engaging storytelling, moving, sometimes challenging, but mostly inspirational
In 1859, William Rathbone, a Liverpool merchant and philanthropist employed a nurse, Mary Robinson, to tend his wife at home as she began to succumb to her terminal illness. After his wife’s death, he retained Robinson’s services so that people in Liverpool, who could not afford to pay for nursing, would benefit from care in their own homes. Rathbone, together with Florence Nightingale, worked to try to develop the service. Rathbone set up and funded a nursing school in Liverpool specifically to train nurses for the city – and so organised district nursing began.
District nurses learned many things in their early training that hospital nurses did not. At a time when over 150 out of every baby born died, they studied how to feed and look after newborn babies, how to improve sanitation, teach health, air out rooms, provide water, plan meals and deal with infectious diseases. With a grant of £70,000 by Queen Victoria from the Women’s Jubilee Fund, the Queen’s Nursing Institute was founded in 1887.
Even with royal backing the training of district nurses was not easy to establish. It took a lot of time, trials and organisation. The district nursing movement in Victorian times also faced many arguments, which came from different views on social class and working women’s roles. This happened at the same time as medical science was making great progress and new ideas about women’s freedom to work for pay were emerging, albeit painfully slowly.
Before the National Health Service was created in 1948, patients were generally required to pay for their health care. Those who couldn’t afford doctor’s fees might turn to herbal medicine for a cure to their ailment. A lot of the time, they relied on the advice of other family members or neighbours, and a lot of that advice, passed down from generation to generation included a number of old wives’ tales that had no remedial effect whatsoever.
It’s into this scenario that a forward thinking district nurse by the name of Megan Roberts (Nerys Hughes) arrives in the poverty-stricken mining town of Pencwm in South Wales during the late 1920s. Eyed with suspicion by the local doctors who seem reluctant to help those who are unable to pay for their services and also by the local residents who would much rather use the ‘skills’ of local herbalist Nesta Mogg (Deborah Manship), Megan faces an uphill task to win over her community. Nevertheless, armed with her medical bag, her bicycle and a dogged determination to help people out – even if they don’t particularly want that help, Megan, in the face of prejudice and ignorance, gradually wins them over.
Created by Julia Smith and Tony Holland (who both went on to create EastEnders), The District Nurse enjoyed 3 seasons on BBC1 between 1984 and 1987. Nerys Hughes had previously been known for the comedy series The Liver Birds, but her role as Megan Roberts was perfectly pitched as the compassionate and highly skilled district nurse who becomes the anchor in a world of illness, fragility, and human frailty. Her presence in the community eventually transcends clinical boundaries, extending far beyond mere medical treatment.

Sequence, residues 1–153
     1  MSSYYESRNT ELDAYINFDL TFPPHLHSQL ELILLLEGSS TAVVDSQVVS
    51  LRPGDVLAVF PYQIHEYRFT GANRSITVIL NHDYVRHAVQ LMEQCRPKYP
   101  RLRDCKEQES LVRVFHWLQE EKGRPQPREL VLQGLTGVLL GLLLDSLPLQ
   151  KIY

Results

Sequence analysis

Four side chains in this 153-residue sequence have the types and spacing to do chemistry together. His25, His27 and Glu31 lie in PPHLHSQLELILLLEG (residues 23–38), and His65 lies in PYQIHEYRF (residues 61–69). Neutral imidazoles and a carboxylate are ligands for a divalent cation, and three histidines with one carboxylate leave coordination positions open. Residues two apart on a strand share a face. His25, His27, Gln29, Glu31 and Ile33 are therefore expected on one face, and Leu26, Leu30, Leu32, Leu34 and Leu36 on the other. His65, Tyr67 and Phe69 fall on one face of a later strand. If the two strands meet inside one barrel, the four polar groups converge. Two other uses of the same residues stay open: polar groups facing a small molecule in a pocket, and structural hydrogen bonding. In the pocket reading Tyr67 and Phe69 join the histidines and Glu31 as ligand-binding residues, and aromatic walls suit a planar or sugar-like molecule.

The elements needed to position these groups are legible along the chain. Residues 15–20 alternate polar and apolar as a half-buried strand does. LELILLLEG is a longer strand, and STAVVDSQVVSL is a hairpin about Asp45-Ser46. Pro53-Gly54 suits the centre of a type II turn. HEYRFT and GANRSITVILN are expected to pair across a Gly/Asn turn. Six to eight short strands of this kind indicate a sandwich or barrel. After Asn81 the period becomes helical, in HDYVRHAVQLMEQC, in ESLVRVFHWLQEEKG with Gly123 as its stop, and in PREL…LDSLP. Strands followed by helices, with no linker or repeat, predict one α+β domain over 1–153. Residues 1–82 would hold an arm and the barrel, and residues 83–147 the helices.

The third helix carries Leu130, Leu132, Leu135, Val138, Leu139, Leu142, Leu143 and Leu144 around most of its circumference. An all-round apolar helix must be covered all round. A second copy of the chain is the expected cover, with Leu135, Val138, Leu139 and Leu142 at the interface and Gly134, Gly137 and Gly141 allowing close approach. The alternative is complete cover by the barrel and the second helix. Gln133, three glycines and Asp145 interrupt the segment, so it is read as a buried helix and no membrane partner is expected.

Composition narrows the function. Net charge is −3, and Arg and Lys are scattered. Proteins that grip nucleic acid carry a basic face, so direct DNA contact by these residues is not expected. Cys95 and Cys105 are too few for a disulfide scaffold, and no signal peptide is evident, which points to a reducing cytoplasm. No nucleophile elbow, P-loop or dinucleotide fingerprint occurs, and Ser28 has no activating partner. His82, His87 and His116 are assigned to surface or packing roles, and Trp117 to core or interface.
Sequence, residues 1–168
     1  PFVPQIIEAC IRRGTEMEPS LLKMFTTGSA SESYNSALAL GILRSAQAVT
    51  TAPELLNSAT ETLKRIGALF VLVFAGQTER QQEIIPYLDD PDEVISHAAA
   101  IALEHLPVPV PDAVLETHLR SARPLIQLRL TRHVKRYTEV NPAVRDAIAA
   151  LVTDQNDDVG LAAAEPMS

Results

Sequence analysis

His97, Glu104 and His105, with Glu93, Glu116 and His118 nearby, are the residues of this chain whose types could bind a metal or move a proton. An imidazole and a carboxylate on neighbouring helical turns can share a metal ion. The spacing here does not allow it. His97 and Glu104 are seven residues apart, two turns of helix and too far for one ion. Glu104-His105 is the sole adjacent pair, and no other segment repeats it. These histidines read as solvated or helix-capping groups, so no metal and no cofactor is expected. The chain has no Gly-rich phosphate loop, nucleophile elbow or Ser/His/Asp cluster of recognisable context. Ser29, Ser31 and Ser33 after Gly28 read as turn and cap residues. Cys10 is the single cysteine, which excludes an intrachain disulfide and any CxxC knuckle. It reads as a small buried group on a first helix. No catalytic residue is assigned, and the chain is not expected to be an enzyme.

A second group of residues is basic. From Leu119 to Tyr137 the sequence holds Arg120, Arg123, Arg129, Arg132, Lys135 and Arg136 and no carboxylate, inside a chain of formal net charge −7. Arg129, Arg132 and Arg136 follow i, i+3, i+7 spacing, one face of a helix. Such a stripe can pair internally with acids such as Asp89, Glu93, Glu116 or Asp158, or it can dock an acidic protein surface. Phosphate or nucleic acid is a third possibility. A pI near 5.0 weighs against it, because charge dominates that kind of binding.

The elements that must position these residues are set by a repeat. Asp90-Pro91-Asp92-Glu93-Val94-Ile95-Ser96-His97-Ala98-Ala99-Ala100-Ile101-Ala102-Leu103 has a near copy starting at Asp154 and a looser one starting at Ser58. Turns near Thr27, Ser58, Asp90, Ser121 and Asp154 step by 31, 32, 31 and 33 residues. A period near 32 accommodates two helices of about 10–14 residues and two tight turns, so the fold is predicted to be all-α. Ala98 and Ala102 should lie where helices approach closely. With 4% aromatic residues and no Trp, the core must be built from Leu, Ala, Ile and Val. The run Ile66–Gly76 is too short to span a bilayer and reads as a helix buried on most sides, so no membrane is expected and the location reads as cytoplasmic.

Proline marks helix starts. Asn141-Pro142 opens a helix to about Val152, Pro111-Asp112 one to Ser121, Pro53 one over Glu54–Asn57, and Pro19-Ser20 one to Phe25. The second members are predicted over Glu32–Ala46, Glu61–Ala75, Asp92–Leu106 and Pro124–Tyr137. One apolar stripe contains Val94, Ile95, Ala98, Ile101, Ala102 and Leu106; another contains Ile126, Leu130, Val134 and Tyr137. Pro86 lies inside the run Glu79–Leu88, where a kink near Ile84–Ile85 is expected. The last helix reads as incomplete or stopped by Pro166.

What truly sets the series apart is its ability to capture the authenticity of district nursing. The portrayal of realistic medical scenarios is a testament to the meticulous research undertaken by the writers and producers. The show provides an accurate representation of the challenges faced by district nurses, such as resource constraints and the logistical difficulties of rural healthcare provision.
The series appeared to have ended in 1985, just as Smith and Holland’s new soap arrived as a permanent fixture on the BBC, but The District Nurse was revived two years later when we caught up with Megan Roberts in the mid-Wales seaside town of Glanmore. Renowned British character actor and a favourite Jackanory storyteller Freddie Jones worked alongside Megan as Dr. Emlyn Isaacs.
A number of scenes were filmed at Pont-y-Gof school in Ebbw Vale, shortly before the old school there was demolished. The children and teachers at the school were involved in the first two series. The outdoor school and street scenes were filmed at Troedrhiwgwair, a small village on the outskirts of Tredegar. Similarly, most of the houses used have since been demolished, however, the street remains.
With engaging storytelling, moving, sometimes challenging, but mostly inspirational drama, The District Nurse takes viewers on a journey into the untold stories of our unsung hero, who was representative of a body of remarkable healthcare professionals who still provide a vital service today.
Suggested Link: District Nurse Careers
Published on September 10th, 2023. Written by Marc Saul for Television Heaven.